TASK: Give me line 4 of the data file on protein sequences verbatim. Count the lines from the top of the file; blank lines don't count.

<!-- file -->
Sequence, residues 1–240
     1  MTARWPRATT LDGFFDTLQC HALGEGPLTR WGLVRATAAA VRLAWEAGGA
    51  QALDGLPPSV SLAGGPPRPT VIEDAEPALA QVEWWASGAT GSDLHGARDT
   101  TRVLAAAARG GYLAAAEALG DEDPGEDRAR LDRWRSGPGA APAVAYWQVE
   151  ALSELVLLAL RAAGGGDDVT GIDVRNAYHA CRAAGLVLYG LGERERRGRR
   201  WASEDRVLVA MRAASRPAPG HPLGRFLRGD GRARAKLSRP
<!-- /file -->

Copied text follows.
   101  TRVLAAAARG GYLAAAEALG DEDPGEDRAR LDRWRSGPGA APAVAYWQVE